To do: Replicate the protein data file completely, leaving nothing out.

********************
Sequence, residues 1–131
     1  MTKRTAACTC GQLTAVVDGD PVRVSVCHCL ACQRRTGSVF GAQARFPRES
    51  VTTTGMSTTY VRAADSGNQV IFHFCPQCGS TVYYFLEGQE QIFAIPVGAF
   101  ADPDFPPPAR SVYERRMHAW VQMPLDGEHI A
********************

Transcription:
Sequence, residues 1–131
     1  MTKRTAACTC GQLTAVVDGD PVRVSVCHCL ACQRRTGSVF GAQARFPRES
    51  VTTTGMSTTY VRAADSGNQV IFHFCPQCGS TVYYFLEGQE QIFAIPVGAF
   101  ADPDFPPPAR SVYERRMHAW VQMPLDGEHI A